The central theme in “The Most of It” is the human attempt to commune with nature—to connect with some spirit or presence and lose the sense of isolation and alienation. Frost’s poem shares this theme with a long tradition of earlier Western literature, stretching from the classical myth of Narcissus and Echo in Ovid’s Metamorphoses (c. 8 c.e.) through pastoral, romantic, and transcendentalist literature in the centuries since the Renaissance.
Much of this earlier literature would suggest that the reader might bring to “The Most of It” a sympathetic and supportive view of the man’s spiritual quest. In particular, New England Transcendentalists such as Ralph Waldo Emerson and Henry David Thoreau, whose writings Frost admired, posited a pantheistic Oversoul (Emerson’s term) that would nourish the spirit of people who sought it in nature. Also, Frost would have been aware of the close correspondence between the man in his poem and a similar character to whom nature’s voices do respond in “There was a boy,” a famous section in the 1805 version of William Wordsworth’s The Prelude (Book V, lines 364-388).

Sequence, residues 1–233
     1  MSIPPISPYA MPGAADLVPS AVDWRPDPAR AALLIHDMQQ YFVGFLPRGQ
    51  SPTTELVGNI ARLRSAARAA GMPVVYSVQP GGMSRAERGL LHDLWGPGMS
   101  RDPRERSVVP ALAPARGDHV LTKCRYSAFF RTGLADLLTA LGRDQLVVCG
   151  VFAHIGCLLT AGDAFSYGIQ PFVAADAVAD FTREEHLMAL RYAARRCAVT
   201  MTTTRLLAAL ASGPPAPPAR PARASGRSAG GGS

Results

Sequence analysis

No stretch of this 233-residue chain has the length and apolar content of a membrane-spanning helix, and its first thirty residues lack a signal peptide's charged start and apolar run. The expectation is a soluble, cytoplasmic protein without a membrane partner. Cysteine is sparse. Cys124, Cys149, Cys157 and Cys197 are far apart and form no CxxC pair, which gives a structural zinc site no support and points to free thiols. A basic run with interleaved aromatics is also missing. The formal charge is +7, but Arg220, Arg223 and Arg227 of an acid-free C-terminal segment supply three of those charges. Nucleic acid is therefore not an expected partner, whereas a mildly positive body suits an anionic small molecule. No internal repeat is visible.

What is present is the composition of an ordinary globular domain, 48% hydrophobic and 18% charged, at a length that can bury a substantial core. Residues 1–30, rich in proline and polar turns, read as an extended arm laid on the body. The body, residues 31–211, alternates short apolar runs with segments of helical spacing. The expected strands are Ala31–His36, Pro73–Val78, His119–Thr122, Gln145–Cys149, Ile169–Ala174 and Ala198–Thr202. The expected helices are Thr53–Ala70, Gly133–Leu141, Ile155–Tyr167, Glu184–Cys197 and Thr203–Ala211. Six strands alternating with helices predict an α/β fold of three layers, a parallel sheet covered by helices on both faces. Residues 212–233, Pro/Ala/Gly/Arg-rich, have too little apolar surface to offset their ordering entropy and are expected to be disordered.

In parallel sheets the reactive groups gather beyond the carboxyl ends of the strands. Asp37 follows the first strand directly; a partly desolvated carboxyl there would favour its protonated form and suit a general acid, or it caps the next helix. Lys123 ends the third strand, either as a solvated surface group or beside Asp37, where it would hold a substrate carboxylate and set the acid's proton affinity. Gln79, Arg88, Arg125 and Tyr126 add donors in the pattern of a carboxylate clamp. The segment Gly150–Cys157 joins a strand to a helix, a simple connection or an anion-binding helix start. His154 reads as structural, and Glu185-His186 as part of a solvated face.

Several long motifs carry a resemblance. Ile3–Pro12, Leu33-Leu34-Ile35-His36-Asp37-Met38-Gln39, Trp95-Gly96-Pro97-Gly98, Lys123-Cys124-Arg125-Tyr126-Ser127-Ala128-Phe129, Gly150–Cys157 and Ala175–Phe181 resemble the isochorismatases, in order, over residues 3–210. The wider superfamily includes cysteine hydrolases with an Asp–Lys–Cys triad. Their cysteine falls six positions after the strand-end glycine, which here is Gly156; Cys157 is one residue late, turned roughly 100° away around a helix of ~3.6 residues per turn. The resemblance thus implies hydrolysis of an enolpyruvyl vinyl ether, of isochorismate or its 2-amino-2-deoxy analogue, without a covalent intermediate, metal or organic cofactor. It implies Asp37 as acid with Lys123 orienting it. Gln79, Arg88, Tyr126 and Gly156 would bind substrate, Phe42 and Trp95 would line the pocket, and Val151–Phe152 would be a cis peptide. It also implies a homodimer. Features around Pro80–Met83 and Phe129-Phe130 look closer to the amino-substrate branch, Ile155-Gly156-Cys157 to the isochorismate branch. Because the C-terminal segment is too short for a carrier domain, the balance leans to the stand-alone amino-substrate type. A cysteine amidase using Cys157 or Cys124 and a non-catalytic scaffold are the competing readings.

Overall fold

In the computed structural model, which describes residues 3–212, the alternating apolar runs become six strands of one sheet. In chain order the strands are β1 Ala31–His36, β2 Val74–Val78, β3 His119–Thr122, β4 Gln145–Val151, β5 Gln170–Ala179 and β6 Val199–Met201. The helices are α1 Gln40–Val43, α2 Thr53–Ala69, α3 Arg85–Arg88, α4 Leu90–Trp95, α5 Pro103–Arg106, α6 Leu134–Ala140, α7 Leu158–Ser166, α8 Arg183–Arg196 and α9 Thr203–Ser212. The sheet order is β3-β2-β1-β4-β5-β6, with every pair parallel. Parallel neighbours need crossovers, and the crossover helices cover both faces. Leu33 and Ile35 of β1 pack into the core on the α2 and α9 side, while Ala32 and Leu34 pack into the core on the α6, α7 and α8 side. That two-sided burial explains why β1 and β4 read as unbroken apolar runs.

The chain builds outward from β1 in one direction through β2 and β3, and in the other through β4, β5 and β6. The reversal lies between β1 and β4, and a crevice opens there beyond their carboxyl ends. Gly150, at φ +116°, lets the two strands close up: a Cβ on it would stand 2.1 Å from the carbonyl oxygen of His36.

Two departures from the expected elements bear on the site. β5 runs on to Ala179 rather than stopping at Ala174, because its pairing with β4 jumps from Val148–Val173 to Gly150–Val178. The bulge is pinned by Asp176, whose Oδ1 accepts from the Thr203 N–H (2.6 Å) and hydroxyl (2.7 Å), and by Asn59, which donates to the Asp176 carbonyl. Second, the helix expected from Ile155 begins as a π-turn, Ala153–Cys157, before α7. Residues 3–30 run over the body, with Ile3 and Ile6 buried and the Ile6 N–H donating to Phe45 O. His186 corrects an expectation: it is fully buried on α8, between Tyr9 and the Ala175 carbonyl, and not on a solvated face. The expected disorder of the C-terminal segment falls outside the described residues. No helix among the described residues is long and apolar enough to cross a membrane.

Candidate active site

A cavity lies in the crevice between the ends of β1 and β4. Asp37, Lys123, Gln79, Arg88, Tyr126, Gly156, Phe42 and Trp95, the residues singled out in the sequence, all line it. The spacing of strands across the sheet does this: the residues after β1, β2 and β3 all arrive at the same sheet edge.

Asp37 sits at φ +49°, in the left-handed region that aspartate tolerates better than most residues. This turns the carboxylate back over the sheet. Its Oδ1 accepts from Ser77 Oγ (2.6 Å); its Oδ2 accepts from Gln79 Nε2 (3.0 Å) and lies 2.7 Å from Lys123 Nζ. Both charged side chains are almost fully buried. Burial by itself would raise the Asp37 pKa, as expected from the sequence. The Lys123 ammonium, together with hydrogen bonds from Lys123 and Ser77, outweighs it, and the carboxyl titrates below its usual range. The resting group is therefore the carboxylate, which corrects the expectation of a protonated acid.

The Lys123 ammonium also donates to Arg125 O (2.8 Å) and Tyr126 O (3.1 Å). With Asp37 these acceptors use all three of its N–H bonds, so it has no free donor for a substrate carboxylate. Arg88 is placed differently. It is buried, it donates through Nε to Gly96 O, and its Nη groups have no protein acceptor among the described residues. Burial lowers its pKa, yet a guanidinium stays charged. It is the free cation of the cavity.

On the other hand, Frost’s presentation of his character suggests a more ironic sense of the man’s similarities to Narcissus, the archetypally self-centered character in the classical myth. Like Narcissus, Frost’s man seems to suffer in an echo chamber largely of his...
(The entire section is 435 words.)